Network Access Control
Why Network Access Control (NAC)?
Information Technology acquired a Network Access Control (NAC) unit to insure that computers are safe and clean before they are allowed on our network. NAC was rolled out in January 2007, incrementally beginning in the residence halls and eventually campus wide.
What is Network Access Control (NAC)?
NAC is an approach to computer network security that attempts to prevent network infections and vulnerabilities by ensuring end users’ computers are protected against viruses and host intrusion, as well as adherence to network policies prior to gaining network access.
How do I access the network once NAC is in place?
When you first try to use the network your browser will be redirected to a web page. You will get a certificate message – “Accept the Certificate”. To avoid this message in the future you will have the opportunity to install the certificate. If you choose not to install the certificate you will be asked to ‘Accept the Certificate” each time you use your computer on the network.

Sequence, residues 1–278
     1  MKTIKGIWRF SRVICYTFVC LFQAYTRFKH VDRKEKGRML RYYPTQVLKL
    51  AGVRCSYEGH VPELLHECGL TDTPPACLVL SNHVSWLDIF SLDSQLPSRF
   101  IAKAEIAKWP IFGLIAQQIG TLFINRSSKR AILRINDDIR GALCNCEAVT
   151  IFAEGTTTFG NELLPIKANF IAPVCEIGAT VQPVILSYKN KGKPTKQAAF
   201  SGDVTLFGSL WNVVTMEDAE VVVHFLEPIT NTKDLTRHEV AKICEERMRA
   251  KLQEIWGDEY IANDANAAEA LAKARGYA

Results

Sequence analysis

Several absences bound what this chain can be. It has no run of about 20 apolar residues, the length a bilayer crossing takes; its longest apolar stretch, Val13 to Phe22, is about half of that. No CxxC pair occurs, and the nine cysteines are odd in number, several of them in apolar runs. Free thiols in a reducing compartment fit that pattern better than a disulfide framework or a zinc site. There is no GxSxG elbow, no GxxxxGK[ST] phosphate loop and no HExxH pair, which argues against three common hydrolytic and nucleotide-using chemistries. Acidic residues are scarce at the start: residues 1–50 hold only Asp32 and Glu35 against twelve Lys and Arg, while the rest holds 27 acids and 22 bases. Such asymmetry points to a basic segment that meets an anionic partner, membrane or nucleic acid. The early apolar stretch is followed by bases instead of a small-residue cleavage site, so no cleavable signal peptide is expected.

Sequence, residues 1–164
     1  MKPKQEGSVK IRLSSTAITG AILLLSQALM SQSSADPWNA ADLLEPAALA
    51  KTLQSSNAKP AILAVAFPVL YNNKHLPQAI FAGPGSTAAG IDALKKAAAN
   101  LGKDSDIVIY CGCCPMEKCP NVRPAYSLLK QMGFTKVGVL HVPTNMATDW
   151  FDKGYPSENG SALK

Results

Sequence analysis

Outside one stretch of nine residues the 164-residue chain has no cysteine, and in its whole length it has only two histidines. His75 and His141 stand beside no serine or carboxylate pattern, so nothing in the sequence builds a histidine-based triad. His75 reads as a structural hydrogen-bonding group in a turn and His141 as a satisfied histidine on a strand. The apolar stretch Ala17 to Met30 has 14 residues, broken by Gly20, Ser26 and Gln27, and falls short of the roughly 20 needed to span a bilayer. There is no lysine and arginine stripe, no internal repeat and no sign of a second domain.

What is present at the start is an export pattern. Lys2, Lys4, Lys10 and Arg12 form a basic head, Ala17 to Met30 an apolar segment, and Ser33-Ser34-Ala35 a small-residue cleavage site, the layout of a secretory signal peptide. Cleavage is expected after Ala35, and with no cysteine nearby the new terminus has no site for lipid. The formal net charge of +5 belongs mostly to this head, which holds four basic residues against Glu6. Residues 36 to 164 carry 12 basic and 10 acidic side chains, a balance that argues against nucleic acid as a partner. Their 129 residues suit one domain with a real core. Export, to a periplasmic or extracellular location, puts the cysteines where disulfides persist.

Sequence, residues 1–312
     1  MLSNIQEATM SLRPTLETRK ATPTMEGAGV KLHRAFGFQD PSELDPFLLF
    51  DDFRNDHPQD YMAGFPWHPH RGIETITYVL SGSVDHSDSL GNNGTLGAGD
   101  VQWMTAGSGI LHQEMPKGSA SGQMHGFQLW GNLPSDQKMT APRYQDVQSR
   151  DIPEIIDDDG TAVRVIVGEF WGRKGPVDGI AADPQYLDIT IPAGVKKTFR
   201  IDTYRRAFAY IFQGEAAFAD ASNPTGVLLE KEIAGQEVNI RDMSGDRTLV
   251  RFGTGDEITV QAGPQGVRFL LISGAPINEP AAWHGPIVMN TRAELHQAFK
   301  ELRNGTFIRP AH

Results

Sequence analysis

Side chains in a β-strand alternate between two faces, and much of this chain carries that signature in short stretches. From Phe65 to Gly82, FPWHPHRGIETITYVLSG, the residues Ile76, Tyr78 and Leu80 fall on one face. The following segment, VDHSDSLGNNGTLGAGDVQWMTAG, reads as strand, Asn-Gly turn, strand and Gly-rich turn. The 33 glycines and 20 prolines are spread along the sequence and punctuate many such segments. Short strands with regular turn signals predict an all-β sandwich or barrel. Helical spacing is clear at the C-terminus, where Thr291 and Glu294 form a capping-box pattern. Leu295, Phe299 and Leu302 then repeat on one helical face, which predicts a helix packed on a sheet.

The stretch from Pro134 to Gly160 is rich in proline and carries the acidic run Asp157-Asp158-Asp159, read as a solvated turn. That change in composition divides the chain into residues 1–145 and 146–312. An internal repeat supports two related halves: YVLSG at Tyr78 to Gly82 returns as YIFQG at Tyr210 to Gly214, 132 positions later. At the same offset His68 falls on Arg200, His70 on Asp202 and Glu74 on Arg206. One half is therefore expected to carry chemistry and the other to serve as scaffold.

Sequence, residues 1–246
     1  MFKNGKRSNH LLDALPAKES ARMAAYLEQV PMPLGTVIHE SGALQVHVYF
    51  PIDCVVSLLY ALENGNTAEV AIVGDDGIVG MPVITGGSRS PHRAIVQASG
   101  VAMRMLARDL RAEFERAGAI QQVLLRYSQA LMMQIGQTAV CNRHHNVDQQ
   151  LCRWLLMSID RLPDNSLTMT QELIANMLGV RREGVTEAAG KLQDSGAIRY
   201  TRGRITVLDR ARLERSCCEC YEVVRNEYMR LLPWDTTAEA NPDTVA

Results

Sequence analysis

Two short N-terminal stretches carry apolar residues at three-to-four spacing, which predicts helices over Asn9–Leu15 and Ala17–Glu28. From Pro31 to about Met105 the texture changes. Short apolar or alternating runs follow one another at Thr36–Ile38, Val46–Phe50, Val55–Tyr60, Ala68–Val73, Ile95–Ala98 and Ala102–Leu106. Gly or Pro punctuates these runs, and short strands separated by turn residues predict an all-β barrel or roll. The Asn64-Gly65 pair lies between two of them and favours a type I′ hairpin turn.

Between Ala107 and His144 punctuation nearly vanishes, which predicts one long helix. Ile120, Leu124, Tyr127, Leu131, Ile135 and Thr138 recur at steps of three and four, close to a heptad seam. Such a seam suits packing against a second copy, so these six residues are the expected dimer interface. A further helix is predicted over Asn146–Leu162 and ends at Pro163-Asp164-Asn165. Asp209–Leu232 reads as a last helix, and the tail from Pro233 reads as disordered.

Logging in to the NAC uses the same account and password used for email.
You must then accept IC’s network terms and conditions for use.
After these steps, you will be given the option to either:
1.) Have your computer scanned by the web browser or
2.) Install the NAC client on your computer.
Installing the NAC client will make future network connections much faster.
If you are concerned about NAC installing agents on your computer, go ahead and chose the web scan.
The scan will check to see if you have security patches installed on your computer and if you have up to date anti-virus software. If the system detects a problem you will be given links to correct the problems.
Special note: if you have not purchased anti-virus software you should use a free-ware software solution. You can get free anti virus software here - http://free.grisoft.com/doc/download-free-anti-virus/us/frt/0.
If you have a networked game system, you must register that with the Technology Helpdesk (245-3146) for it to function properly.